You are not currently logged in.
Access JSTOR through your library or other institution:
Forest calcium depletion and biotic retention along a soil nitrogen gradient
Steven S. Perakis, Emily R. Sinkhorn, Christina E. Catricala, Thomas D. Bullen, John A. Fitzpatrick, Justin D. Hynicka and Kermit Cromack, Jr.
Vol. 23, No. 8 (December 2013), pp. 1947-1961
Stable URL: http://www.jstor.org/stable/23596900
Page Count: 15
You can always find the topics here!Topics: Forest soils, Mineral soils, Acid soils, Soil ecology, Chemical bases, Soil nutrients, Leaching, Forest ecosystems, Soil depth, Soil water
Were these topics helpful?See somethings inaccurate? Let us know!
Select the topics that are inaccurate.
Preview not available
High nitrogen (N) accumulation in terrestrial ecosystems can shift patterns of nutrient limitation and deficiency beyond N toward other nutrients, most notably phosphorus (P) and base cations (calcium [Ca], magnesium [Mg], and potassium [K]). We examined how naturally high N accumulation from a legacy of symbiotic N fixation shaped P and base cation cycling across a gradient of nine temperate conifer forests in the Oregon Coast Range. We were particularly interested in whether long-term legacies of symbiotic N fixation promoted coupled N and organic P accumulation in soils, and whether biotic demands by non-fixing vegetation could conserve ecosystem base cations as N accumulated. Total soil N (0—100 cm) pools increased nearly threefold across the N gradient, leading to increased nitrate leaching, declines in soil pH from 5.8 to 4.2, 10-fold declines in soil exchangeable Ca, Mg, and K, and increased mobilization of aluminum. These results suggest that long-term N enrichment had acidified soils and depleted much of the readily weatherable base cation pool. Soil organic P increased with both soil N and C across the gradient, but soil inorganic P, biomass P, and P leaching loss did not vary with N, implying that historic symbiotic N fixation promoted soil organic P accumulation and P sufficiency for non-fixers. Even though soil pools of Ca, Mg, and K all declined as soil N increased, only Ca declined in biomass pools, suggesting the emergence of Ca deficiency at high N. Biotic conservation and tight recycling of Ca increased in response to whole-ecosystem Ca depletion, as indicated by preferential accumulation of Ca in biomass and surface soil. Our findings support a hierarchical model of coupled N—Ca cycling under long-term soil N enrichment, whereby ecosystem-level N saturation and nitrate leaching deplete readily available soil Ca, stimulating biotic Ca conservation as overall supply diminishes. We conclude that a legacy of biological N fixation can increase N and P accumulation in soil organic matter to the point that neither nutrient is limiting to subsequent non-fixers, while also resulting in natural N saturation that intensifies base cation depletion and deficiency.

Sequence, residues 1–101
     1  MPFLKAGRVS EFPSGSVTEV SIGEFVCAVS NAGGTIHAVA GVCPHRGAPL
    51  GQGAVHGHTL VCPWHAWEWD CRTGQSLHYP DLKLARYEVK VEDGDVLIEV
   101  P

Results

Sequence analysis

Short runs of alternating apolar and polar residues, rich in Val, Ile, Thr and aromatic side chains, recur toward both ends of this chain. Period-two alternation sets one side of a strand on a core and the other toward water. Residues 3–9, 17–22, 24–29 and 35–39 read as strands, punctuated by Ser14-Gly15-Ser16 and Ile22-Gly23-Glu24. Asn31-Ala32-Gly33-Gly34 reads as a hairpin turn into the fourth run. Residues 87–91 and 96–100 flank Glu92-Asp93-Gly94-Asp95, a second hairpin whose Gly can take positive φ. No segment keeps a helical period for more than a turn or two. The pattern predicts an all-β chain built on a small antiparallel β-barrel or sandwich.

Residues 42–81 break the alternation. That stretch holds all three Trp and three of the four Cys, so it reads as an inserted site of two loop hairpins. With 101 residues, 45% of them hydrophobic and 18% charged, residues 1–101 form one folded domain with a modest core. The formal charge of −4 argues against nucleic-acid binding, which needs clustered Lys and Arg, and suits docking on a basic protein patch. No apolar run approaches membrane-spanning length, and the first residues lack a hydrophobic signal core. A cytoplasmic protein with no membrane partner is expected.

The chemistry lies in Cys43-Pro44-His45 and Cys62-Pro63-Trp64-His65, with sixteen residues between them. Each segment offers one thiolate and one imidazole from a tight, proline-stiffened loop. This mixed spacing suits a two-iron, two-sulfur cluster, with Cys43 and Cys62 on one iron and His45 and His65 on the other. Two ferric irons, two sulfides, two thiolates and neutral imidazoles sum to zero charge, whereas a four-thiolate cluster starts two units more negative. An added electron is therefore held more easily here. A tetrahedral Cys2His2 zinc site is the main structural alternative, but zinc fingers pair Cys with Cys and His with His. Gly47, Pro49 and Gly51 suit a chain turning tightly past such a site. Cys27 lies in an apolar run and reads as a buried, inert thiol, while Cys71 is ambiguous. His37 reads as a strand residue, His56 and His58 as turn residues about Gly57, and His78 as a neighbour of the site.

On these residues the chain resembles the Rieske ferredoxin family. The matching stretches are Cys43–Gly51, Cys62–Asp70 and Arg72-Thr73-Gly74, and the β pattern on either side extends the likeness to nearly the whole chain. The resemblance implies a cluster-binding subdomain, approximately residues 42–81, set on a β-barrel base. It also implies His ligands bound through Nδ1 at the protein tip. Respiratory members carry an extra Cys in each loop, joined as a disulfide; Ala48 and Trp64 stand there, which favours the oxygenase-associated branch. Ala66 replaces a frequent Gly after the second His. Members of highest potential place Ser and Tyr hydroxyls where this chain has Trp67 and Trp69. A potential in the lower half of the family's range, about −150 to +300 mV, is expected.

Ecological Applications © 2013 Wiley